Tuesday, February 9, 2010

Locked in

Funny when I'm drawn here. When I have a good dream, or I'm stuck in my house, apparently.

Thing is, we're in the midst of a key conundrum. It's probably to do with my own aversion to keys -- how can something that important be so small, so lose-able? But it also has to do with our two-month-long effort to find suitable doggie care, a poorly-designed house, and a busy, irregular schedule.

The key worked to get me in, but it doesn't work to lock up. Sound like something from Alice in Wonderland? That's how it's been with our key conundrum. Last week I stayed in and read about Tiger Woods until Alex returned from school with a key and I could go to work.

And tonight, instead of going to capoiera while Alex is at wrestling, I'm stuck inside my house. My silent, messy house.

And what do I do: clean? sleep? cook? All logical choices. But not for me, not tonight. Tonight, I read.

I read Elizabeth Hay's Late Night's on Air. I choose it because my boss lent it to me and I'm scared that I will ruin it with spilled coffee or doggie something. Turns out, it was perfect for this evening. That's because it's February 9th, and just today I was marveling that it is February 9th and I haven't really broken down crying because my father died in February (16th, 2004). And Hay's book is perfect because it is filled with sadness and father moments, yet it's set somewhere I only dream of (Yellowknife). So it has a way of transporting me to a place that is both strange and familiar. And I love that.

Alex is home now, puttering in the kitchen because I asked him for some time to write. And I love that.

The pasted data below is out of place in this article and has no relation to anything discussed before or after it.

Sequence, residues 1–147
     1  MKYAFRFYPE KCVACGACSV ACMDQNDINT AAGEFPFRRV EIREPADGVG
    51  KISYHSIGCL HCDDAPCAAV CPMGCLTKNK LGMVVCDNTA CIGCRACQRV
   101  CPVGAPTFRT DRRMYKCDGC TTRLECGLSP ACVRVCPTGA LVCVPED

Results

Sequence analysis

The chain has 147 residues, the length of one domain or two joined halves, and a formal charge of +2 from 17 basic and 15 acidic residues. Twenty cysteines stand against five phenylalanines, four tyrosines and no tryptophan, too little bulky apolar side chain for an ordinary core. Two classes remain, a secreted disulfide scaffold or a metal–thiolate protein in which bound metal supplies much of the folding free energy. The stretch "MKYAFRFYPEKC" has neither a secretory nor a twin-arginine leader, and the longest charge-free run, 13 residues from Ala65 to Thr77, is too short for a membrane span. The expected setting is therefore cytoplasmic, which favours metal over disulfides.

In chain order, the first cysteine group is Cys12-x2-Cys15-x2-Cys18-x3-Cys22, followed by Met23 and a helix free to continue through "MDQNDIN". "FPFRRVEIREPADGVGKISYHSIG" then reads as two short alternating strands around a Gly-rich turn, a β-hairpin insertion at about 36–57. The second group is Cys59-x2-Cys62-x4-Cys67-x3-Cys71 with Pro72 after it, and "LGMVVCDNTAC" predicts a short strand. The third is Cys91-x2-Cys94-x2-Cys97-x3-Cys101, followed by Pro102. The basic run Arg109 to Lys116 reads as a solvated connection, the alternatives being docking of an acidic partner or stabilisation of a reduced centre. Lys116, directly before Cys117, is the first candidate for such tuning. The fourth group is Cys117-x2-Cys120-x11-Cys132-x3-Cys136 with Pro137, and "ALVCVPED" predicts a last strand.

Thursday, January 21, 2010

Writing down a dream

I'd been thinking this blog would die, now that I have a real, full-time, editorial job. I thought I'd be burned out from writing in the office all day that all I'd want to do was veg with my husband and walk the dog in my spare time. But last night I dreamt the kind of dream that can't go unnoticed.

It was in Whitehorse and Nelson. On buses and in kitchens. With old friends and (perhaps) long-lost family members.

Whitehorse was the best. Goats roamed everywhere! Huge ones that you could ride -- and of course we did. I'd arrived by bus, and was only staying an afternoon, but as soon as I arrived I knew that was a mistake. The harbour was beautiful: a mish-mash of dinghy boats and house boats. The streets winded, every corner revealing a new colourful home. I wanted to live there, and I knew I'd return.

Next stop: Nelson. Aspen, the little girl I lived with in 1998 when I went to college in the beautiful mountain town, was all grown up. Of course, math never works in dreams and here she was more like my 10 year old niece than the 15 year old she would be now. But I hgged her, and she hugged back, and it was amazing.

Then there was the time my real-life niece, in that same Nelson kitchen, warmed up her baby brother on the stove. She didn't burn him, but I freaked, then mom freaked, and the dream ended on a sour note -- must have been waking up.

Monday, December 14, 2009